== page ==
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Fostoria schools plan layoffs after levy loss

FOSTORIA - Eighteen layoff notices were prepared yesterday as Fostoria City Schools officials prepared to deal with another levy defeat.

Voters in several school districts Tuesday rejected proposals that would have brought more tax money into their districts. Meanwhile, voters in Wood County agreed to pay $5 million toward the expansion and renovation of the county's public library.

In the Fostoria school district, which is made up of residents from Sandusky, Seneca, and Wood counties, the defeat comes on the heels of discontinued bus routes and canceled all-day kindergarten.

Those moves were made to help the district deal with a projected budget deficit. The 5-mill levy, which included 3 mills for operation and two mills for permanent improvements, was rejected 851 votes to 759.

``Today, we worked on getting layoff notices to aides, food service employees, and bus drivers,'' said Superintendent Sharon Stannard. ``We have made about $750,000 in budget cuts now.''

Ms. Stannard said the district on Aug. 20 will recommend to the school board putting a similar proposal on the November ballot. It would be the third attempt for the district.

If the levy passed, a resident with a $80,000 home would have paid about $84 a year, she said.

Voters in the Patrick Henry School District also proved that persistence doesn't always pay off. Residents in the Henry County district rejected a $3.5 million bond issue for the third time Tuesday. The bond would have provided the district's share of a new middle school.

Voters did approve a 1.01-mill, $1.5 million bond issues that would have helped renovate the districts three elementary schools. But School Board President Tom Zgela said the proposals were an all or nothing package.

To start the school year, seventh and eighth graders will be moved from Hamler Elementary School to Deshler Elementary School, Mr. Zgela said. But Hamler will not be closed down and eventually residents will have to pay for building improvements.

Patrick Henry was put on the state's exceptional-needs list when the Ohio School Facilities Commission said Hamler Elementary should be closed because of structural problems.

Commission spokesman Steve Lutz said the school district's funding request would be set aside. But the district would not necessarily lose the money. Instead, the district would retain its exceptional needs status. And if the state legislators continued to fund the program, Patrick Henry would be once again on top of the list. Of course, that's if it raises the matching moey, he said.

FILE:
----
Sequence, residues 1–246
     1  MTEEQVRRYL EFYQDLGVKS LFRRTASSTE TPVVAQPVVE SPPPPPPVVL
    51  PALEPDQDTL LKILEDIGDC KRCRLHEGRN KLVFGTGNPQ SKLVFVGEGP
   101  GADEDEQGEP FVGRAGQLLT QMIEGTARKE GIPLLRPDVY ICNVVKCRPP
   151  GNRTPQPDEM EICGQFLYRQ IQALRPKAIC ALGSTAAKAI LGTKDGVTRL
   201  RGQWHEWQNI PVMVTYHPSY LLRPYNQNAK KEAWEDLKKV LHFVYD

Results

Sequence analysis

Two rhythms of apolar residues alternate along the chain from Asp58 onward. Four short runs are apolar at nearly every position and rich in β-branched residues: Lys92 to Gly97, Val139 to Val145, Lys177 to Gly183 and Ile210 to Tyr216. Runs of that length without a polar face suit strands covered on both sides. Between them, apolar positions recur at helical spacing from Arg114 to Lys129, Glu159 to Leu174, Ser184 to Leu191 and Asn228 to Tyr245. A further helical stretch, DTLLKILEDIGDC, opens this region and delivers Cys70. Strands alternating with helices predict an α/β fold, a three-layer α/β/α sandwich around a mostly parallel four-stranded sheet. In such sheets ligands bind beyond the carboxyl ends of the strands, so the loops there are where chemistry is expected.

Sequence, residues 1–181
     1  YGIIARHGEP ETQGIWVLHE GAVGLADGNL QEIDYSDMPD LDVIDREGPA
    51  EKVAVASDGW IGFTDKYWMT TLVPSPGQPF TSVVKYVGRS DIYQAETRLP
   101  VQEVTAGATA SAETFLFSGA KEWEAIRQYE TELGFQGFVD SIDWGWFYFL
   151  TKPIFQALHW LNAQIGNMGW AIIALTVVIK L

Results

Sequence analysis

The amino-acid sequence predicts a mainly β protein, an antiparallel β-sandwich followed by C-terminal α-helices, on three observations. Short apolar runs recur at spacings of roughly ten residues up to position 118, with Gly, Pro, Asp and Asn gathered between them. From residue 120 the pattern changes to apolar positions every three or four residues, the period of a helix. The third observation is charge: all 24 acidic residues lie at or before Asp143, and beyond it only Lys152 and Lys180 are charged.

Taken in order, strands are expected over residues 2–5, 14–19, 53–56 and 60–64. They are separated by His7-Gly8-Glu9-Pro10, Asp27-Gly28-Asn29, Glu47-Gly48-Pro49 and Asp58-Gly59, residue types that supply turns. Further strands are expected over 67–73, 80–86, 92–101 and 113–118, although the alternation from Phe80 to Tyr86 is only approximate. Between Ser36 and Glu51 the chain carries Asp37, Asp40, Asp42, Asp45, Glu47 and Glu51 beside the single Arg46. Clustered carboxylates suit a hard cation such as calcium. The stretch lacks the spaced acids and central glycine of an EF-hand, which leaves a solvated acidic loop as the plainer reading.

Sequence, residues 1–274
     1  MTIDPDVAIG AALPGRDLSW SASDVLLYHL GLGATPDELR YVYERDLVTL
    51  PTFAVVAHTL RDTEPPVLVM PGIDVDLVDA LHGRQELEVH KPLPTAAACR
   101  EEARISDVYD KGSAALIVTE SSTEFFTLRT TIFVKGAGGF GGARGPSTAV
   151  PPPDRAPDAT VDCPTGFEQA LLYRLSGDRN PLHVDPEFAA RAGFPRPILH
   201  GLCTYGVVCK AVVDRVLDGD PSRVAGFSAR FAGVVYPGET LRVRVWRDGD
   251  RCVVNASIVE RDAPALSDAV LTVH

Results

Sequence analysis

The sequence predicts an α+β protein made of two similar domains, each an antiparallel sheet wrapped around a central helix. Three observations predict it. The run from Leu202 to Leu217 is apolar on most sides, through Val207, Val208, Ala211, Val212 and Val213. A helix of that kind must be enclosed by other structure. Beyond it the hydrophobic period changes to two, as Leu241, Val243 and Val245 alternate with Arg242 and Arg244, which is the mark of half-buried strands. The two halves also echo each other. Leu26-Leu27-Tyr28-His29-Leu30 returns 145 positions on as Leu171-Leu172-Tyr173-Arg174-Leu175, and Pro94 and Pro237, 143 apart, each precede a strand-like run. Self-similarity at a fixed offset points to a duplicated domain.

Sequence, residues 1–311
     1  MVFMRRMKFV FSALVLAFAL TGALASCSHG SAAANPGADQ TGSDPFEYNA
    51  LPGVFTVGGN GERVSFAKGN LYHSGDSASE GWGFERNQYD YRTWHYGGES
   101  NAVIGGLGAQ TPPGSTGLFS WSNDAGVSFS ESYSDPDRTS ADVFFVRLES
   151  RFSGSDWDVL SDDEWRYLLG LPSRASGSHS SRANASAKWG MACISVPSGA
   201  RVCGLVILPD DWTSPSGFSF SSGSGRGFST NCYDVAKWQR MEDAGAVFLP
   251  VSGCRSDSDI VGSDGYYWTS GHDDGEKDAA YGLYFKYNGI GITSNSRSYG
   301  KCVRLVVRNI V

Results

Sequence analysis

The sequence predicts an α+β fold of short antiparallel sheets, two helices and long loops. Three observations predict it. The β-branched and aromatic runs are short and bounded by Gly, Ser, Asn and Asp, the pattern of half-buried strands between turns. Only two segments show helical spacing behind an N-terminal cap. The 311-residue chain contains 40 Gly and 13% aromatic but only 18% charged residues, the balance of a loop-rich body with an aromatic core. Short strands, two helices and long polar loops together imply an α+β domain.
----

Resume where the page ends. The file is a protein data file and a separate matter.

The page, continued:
The two issues that faced voters -- one to build a middle school, the other to renovate the Malinta-Grelton and Deshler elementary schools -- would have raised nearly $5 million from taxpayers for the projected $14 million projects. For someone with a $100,000 home, approval of the issues would have meant an additional $131 in annual taxes.

In Defiance, voters defeated a levy that would have been a replacement of 7.1 mills plus an additional 3.9 mills for the school district. Superintendent Richard Motuelle said yesterday that he expects a similar proposal will be placed on the November ballot.

One of the few successful measures occurred in Wood County where voters approved a $5 million, 25-year bond issue to renovate and expand the Wood County District Library.

While the library is primarily used by residents in and around Bowling Green, the library district encompasses several other areas. The district includes, for example, taxpayers in the Perrysburg school district who live outside the city limits in Middleton and Perrysburg townships. Perrysburg City residents won't pay.

It also includes the Wood County portions of Anthony Wayne, Gibsonburg, Lake, Lakota, McComb, and Patrick Henry school districts. It takes in the Wood County portion of the Fostoria City Schools district that is outside the city limits, and it covers the entire Bowling Green City School District, which extends west as far as Custar and Milton Center.

With passage of the bond issue, the owner of a $100,000 home would pay $9.81 a year.

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